3

My goal is to calculate how long it takes to output text to audio when using the say command.

For example, say will speak in real time:

$ say -v Alex "Hello there"

I can then combine say with time to answer the question in the text, although we have wait until the end of the actual audio output:

$ time say -v Alex "Hello there. How long will this take?"

real    0m2.993s
user    0m0.006s
sys     0m0.009s
  1. Is there a way to calculate how long it will take to output any say command without actually executing it? How?
  2. If not, how can I use grep to pull out the real line?

I'm trying something like this:

time say -v Alex "Hello there. How long will this take?" | grep "^real   .*$"

But of course there is no result.

Is the output not being passed to grep, does grep not work for this multi-line output, or did I use the wrong pattern matching?

If grep won't work, what will?

UPDATE #1

Actually what I think I'm really looking for is the duration of the generated audio file that results from say.

  • 2
    Output it to an audio file and get its length? – Ignacio Vazquez-Abrams Jul 19 '18 at 2:38
  • 1
    Why not try something simpler, like grep “real”? – Peschke Jul 19 '18 at 4:07
  • @IgnacioVazquez-Abrams - I think this works for me. – kraftydevil Jul 19 '18 at 4:32
  • @Peschke grep "real" didn't work for me so I tried something else – kraftydevil Jul 19 '18 at 4:34
3

Timing a run of say

  1. Is there a way to calculate how long it will take to output any say command without actually executing it? How?

I see no way to accomplish this using any switches provided by the say command.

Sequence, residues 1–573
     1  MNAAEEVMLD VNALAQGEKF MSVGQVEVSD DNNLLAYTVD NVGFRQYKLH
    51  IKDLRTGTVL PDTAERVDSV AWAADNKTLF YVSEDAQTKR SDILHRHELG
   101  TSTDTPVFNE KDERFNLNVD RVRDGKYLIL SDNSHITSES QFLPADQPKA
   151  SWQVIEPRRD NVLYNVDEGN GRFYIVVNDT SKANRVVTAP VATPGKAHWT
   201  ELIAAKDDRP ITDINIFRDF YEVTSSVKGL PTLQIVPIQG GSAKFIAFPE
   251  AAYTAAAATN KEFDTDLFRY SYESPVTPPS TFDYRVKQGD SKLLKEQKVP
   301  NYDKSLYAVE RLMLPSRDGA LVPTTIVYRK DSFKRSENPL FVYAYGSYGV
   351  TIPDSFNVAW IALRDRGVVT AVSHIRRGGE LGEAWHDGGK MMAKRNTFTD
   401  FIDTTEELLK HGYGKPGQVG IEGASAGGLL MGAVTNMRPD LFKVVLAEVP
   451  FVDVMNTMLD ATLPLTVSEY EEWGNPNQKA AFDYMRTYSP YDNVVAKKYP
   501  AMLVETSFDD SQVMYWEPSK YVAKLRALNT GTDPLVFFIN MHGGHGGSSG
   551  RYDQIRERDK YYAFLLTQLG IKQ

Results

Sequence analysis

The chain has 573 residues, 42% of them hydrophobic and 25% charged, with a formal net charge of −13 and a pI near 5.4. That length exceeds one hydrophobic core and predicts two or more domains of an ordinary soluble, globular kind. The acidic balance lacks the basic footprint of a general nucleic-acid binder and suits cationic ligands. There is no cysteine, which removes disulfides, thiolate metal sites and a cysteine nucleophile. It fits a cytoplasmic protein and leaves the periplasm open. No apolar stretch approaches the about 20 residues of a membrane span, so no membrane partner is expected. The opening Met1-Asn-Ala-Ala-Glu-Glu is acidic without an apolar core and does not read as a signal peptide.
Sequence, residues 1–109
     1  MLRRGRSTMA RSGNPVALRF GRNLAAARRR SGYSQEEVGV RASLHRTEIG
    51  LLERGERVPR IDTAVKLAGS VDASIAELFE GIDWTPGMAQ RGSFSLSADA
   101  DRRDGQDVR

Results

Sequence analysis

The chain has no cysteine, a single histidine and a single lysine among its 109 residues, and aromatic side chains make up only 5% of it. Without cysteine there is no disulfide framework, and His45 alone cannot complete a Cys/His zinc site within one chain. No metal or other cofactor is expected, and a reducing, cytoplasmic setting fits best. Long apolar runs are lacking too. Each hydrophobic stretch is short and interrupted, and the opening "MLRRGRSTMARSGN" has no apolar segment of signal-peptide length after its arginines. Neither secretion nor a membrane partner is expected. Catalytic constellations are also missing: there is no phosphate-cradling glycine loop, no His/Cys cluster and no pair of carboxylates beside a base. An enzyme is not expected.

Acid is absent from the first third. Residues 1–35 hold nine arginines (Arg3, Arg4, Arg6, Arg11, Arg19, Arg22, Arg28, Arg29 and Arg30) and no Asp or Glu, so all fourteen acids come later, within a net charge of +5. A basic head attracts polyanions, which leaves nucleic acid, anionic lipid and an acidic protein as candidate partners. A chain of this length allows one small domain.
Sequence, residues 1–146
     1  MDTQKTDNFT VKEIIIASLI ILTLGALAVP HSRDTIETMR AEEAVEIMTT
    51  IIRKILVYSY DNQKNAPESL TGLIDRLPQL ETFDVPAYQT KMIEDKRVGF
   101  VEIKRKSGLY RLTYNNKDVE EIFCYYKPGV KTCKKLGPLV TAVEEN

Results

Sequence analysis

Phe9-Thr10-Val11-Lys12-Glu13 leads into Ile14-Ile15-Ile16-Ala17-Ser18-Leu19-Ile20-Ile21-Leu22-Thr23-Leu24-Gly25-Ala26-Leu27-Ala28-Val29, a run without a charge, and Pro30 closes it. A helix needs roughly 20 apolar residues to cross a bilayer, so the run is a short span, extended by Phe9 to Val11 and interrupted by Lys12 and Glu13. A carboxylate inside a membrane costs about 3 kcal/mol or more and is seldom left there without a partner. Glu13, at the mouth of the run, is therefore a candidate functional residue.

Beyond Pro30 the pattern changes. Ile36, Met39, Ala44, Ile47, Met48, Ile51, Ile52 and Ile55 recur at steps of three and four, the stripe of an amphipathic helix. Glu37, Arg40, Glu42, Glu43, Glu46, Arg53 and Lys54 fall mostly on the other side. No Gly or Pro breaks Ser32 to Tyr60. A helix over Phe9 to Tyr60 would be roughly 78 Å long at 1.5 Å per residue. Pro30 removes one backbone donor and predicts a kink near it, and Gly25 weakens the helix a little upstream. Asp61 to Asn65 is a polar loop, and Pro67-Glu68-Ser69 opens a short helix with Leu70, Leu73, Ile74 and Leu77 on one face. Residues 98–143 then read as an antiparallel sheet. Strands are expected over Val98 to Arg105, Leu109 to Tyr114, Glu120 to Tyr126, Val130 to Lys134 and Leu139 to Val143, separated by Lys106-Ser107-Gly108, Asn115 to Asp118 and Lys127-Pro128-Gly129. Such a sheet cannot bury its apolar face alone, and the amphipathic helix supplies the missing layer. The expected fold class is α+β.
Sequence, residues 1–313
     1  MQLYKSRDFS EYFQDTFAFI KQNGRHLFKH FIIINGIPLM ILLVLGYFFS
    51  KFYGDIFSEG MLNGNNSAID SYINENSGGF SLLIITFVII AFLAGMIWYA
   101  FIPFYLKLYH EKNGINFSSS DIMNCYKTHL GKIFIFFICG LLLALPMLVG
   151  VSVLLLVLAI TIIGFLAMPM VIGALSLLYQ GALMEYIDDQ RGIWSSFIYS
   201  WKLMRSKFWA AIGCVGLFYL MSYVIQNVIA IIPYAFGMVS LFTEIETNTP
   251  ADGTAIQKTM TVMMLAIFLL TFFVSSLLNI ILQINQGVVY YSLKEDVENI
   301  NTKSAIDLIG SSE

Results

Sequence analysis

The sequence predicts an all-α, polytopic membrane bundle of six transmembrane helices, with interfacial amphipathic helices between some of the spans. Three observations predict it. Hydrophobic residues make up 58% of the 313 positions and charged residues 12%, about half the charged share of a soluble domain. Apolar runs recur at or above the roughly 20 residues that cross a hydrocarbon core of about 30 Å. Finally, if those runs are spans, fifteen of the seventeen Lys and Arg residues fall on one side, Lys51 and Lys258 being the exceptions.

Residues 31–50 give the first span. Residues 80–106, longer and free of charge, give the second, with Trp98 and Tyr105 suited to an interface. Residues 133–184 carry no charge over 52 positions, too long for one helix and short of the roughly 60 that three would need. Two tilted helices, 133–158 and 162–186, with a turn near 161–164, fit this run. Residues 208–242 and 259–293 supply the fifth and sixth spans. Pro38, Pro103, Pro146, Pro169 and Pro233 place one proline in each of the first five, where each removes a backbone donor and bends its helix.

1. If not, how can I use grep to pull out the real line?

To parse the time output you can do the following:

$ ( time say -v Alex "Hello there. How long will this take?" ) |& grep real
real    0m2.987s

Alternatively:

$ ( time say -v Alex "Hello there. How long will this take?" ) 2>&1 | grep real
real    0m2.987s

In the above we've wrapped the time ... command in a subshell and then redirected the STDOUT & STDERROR (|&) to grep. The 2>&1 form does the same thing in situations where |& doesn't work for your particular version of Bash.

/dev/null

Incidentally, if you use the -o <file> argument to say you can speed up the translation of text to audio. Here since we don't actually want the audio file, we're directing to /dev/null instead:

$ ( time say -v Alex "Hello there. How long will this take?" -o /dev/null ) |& grep real
real    0m0.310s

Alternatively:

$ ( time say -v Alex "Hello there. How long will this take?" -o /dev/null ) 2>&1 | grep real
real    0m0.283s

Notice how much faster it is when not having to utilize the speakers to do this operation, that's the delay in using the audio I/O. By directing to a file instead it's much more efficient.

Calculating the audio's duration

To determine the duration of the resulting say's audio file you can do the following:

$ say -v Alex "Hello there. How long will this take?" -o a.aiff && \
    ffmpeg -i a.aiff 2>&1 | grep Duration && rm a.aiff
  Duration: 00:00:02.85, start: 0.000000, bitrate: 364 kb/s

Here we can see that the duration of the resulting audio is 2.85 seconds.

Further improvements?

I looked into piping the output from say directly into ffmpeg but say apparently cannot do this. Others have come to the same conclusion per the Ask Q&A titled: How to pipe output of 'say' to another command.

References

  • The problem with outputting to /dev/null is that since we no longer have to wait for the audio to be output in real time we are welcome to generate it as quickly as possible. – Ignacio Vazquez-Abrams Jul 19 '18 at 4:46
  • @IgnacioVazquez-Abrams - that's true, I wasn't sure if the OP wanted the time it took for say to actually do the translation of text to speech and utter it, or just the time to do the translation. – slm Jul 19 '18 at 4:48

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